The state of Montana takes a somewhat different approach to the topic of grandparents' visitation rights than other states. Grandparents may petition for "reasonable rights to contact" with a grandchild regardless of the status of the child's parents. Getting visitation rights for a child of parents who have been deemed "unfit" is generally easier than if the parent is considered fit. If a parent whose parental rights have not been terminated objects to such contact, the grandparent's legal task become harder, but not impossible.
How to Win Your Suit
One way to win visitation over the wishes of a parent is to present "clear and convincing evidence" of the parent's unfitness. In some states and situations, parental unfitness simply means that the parent is unfit to make the proper decision in regard to grandparent visitation. That's not what the Montana statute is talking about. An unfit parent in the context of Montana law simply means one who fails to properly take care of a child.
In order to prove parental unfitness in Montana, a grandparent must prove one of the conditions enumerated in statute 42-2-608. These include:
- A parent has lost custody due to abuse or neglect.
- The parent has abandoned the child.
- The parent, although able, has not contributed to the child's support for a year.
- The parent is in violation of an order to support the child or another child of the same birth mother.
- The parent has been found guilty of a crime against a child, including aggravated assault, sexual assault, sexual intercourse without consent, incest, homicide, sexual abuse or ritual abuse.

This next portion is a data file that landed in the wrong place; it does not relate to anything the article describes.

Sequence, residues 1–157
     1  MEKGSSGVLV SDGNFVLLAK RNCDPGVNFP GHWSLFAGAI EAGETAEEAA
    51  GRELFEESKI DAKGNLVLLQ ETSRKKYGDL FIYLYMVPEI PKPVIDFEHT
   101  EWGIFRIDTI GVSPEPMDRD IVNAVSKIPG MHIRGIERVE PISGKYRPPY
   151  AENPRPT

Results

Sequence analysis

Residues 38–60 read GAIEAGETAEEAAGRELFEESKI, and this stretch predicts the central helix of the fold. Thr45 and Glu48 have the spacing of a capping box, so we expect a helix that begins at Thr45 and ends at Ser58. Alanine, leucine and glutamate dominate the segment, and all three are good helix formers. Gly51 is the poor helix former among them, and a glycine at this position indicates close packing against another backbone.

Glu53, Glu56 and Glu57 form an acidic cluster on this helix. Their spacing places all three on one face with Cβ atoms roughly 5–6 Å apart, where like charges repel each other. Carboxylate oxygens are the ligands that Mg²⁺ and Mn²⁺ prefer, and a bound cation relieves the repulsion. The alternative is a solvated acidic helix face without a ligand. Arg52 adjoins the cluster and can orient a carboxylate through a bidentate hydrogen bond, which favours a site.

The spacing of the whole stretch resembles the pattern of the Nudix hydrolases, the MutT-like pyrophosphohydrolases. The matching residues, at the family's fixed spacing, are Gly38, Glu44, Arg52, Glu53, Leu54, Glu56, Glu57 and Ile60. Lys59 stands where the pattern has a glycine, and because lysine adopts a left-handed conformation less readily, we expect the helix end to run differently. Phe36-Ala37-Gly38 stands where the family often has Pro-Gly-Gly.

- The child has been maintained by a public or private agency for one year without the parent contributing to the child's support, if able.
- The parent has been convicted of a crime or of violating a protective order, indicating that the parent is unfit.
Even if a parent is proven unfit, the grandparents must still present evidence that having contact is in the best interests of the child.
When Parents Are Fit
If a parent is considered fit, a grandparent may win the right to contact with the grandchild over parental objections if "clear and convincing evidence" is presented that the contact with the grandparent would be in the best interests of the child and that the presumption in favor of the parent's wishes has been rebutted.
Petitions for grandparent-grandchild contact cannot be presented more often than once every two years unless something about the grandchild's situation has changed. The court may appoint an attorney to represent the interests of the child if it deems necessary. Adoption terminates the rights of the grandparents unless the adopting party is a stepparent or grandparent.
For more information read up on Montana Statute 40-9-102. In 2009, the provisions of statute 40-9-102 were extended to great-grandparents in statue 40-9-103. You might also want to read up on the six things you need to know about grandparents' rights.